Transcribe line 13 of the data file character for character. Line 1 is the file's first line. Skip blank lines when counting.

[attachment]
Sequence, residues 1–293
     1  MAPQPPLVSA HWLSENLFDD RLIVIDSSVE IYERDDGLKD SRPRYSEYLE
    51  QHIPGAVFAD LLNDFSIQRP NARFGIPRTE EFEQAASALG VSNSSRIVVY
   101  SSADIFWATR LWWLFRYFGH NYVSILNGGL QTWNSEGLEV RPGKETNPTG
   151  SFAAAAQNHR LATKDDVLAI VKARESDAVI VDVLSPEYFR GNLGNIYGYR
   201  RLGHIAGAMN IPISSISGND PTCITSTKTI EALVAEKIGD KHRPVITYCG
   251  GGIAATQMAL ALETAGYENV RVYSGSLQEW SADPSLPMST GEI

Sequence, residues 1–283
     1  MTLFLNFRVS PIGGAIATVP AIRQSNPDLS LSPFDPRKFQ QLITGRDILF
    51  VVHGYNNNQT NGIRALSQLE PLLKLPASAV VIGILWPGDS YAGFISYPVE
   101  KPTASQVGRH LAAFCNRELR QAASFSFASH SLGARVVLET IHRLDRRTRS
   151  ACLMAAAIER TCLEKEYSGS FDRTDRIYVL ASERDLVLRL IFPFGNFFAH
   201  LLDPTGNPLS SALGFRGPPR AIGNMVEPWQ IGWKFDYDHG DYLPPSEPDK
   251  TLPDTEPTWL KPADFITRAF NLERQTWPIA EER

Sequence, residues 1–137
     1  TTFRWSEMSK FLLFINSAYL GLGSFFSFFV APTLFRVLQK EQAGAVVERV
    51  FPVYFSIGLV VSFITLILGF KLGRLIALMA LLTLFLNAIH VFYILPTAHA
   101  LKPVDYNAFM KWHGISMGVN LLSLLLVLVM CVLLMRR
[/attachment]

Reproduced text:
   201  LLDPTGNPLS SALGFRGPPR AIGNMVEPWQ IGWKFDYDHG DYLPPSEPDK